Virtual private networks (VPNs) offer a lower cost and highly flexible alternative to replacing or augmenting dedicated private networks that use leased lines, Frame Relay, or ATM circuits. VPNs also provide seamless remote access for telecommuters and mobile workers, as well as cost-effective remote-office connectivity. VPNs provide tremendous cost savings for enterprise data networks by utilizing shared networks secured by encrypted VPN tunnels. The trend toward network convergence, however, places new demands on VPNs. With voice and video enabled IPSec VPN (V3PN) delivered by Cisco, enterprises can leverage cost-effective VPNs to add voice and video to their data network without compromising quality and reliability. Figure 1 illustrates how IP Security (IPSec) VPNs are used to create a private network over a multiservice service provider's public network enabling the secure transport of voice and data.
Voice, Video Enabled IPSec VPN
This solution overview discusses some of the business drivers, deployment considerations, enabling technologies, and products, as well as two compelling case studies that illustrate the value of the Cisco V3PN solution.
As enterprises expand and strive to compete in today's market, network managers are seeking a network solution that economically delivers corporate voice, video, and data services to their employees regardless of their location (that is, headquarters, branch office, telecommuter, mobile worker). Business drivers include the following:
- Cost reduction—Enterprises are quickly converging voice, video, and data services onto a single IP network, and they require a more economical and efficient way of delivering these services to their employees. This includes reducing network operations costs, wide-area network (WAN) transport costs, telecommuter and mobile worker access costs, and voice toll charges.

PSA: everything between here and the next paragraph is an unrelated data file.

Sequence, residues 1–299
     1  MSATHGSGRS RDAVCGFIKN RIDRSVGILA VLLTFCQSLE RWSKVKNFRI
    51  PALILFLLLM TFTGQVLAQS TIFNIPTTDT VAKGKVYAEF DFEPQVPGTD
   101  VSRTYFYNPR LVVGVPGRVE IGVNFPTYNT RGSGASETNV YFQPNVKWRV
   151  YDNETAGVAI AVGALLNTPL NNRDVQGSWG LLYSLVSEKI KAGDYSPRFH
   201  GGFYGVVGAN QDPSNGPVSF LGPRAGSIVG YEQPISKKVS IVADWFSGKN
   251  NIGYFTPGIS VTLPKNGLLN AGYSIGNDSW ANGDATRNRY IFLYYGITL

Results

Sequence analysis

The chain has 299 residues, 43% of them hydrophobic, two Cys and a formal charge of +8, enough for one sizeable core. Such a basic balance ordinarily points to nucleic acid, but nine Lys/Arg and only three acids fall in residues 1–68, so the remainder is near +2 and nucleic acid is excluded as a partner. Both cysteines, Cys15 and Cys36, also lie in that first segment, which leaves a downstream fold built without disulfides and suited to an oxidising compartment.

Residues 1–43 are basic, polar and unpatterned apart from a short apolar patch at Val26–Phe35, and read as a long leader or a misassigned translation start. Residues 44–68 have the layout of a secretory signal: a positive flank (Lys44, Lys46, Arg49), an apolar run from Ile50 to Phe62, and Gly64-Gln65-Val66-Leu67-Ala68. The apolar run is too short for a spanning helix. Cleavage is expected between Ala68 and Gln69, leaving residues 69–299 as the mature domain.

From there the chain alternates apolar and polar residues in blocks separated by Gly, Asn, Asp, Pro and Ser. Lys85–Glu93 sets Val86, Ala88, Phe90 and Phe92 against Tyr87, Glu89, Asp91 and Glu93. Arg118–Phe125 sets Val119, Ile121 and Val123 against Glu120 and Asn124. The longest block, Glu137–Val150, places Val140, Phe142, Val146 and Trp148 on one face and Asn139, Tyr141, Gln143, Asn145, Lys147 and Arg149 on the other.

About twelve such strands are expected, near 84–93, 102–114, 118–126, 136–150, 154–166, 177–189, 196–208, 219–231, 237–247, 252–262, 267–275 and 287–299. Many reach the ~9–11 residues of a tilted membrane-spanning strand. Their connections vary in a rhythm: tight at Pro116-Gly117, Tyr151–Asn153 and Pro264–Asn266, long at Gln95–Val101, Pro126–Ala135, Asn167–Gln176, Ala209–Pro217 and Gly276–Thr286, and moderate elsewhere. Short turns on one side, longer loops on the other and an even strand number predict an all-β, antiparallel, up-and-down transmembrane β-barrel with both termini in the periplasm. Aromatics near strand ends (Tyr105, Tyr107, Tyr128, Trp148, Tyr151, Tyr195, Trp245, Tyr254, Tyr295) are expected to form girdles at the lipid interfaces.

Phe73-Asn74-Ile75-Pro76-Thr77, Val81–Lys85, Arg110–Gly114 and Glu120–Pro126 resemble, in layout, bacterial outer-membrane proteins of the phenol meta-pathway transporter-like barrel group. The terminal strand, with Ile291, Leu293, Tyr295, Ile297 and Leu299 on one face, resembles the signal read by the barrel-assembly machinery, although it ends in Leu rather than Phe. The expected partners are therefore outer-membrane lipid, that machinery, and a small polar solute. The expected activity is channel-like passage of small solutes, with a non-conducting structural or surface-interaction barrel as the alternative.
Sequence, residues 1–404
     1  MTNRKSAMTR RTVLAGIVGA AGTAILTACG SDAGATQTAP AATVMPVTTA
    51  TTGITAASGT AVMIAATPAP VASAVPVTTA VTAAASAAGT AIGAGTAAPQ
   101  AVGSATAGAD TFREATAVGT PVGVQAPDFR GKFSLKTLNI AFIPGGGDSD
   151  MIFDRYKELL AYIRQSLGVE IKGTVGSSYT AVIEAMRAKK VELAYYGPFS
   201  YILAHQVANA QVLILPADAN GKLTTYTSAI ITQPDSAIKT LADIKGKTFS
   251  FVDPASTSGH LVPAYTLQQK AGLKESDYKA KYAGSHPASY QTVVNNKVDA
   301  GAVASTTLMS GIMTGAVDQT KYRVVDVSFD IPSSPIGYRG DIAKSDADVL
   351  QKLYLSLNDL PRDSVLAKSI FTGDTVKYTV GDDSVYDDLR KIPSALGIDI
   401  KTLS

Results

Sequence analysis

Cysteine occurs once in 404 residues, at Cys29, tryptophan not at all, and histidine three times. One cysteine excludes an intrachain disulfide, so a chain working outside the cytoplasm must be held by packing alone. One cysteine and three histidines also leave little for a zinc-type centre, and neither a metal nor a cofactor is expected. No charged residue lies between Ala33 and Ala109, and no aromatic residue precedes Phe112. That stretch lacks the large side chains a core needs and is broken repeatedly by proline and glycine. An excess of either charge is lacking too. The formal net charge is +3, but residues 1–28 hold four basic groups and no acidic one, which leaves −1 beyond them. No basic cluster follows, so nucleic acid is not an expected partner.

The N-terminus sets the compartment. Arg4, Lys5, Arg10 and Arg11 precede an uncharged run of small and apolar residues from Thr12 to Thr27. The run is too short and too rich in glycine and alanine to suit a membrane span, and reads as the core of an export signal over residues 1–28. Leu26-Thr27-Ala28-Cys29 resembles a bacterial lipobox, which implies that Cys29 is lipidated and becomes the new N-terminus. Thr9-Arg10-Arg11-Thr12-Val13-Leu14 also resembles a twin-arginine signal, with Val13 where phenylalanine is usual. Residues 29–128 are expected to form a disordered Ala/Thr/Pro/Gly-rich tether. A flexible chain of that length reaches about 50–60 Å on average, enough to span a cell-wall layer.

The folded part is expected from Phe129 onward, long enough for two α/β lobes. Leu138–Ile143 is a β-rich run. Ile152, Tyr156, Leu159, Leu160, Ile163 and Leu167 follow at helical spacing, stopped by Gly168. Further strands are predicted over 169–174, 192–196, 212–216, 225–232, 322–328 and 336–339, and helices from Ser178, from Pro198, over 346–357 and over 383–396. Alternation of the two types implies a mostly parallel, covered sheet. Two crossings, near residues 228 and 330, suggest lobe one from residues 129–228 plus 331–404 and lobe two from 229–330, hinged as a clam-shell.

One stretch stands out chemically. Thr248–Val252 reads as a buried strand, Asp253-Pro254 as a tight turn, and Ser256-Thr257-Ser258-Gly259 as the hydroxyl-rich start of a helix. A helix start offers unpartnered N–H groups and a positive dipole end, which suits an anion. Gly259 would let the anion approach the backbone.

- Increase in employee productivity—With the availability of high-speed Internet access in homes and hotels, enterprises need to extend the reach of their networks to the telecommuter and mobile worker and provide them access to the same voice, video, and data services that are available on the corporate network.
- Speed to market—The enterprise must be able to react to market demands and bring new branch or sales offices online quickly when geographic presence is required.
The following sections describe some of the challenges of doing business in this expanding and mobile workforce environment and how the Cisco V3PN IPSec VPN solution overcomes these challenges.
Today, extending the enterprise network and services to branch offices, telecommuters, and mobile workers presents unique challenges and introduces new technologies. Figure 2 illustrates these challenges, followed by additional details and examples.
Challenges include the following:
- Branch offices-Being able to add branch offices to the enterprise network quickly at a lower cost than using leased lines, Frame Relay, or ATM circuits while maintaining the stringent performance and security requirements of a private network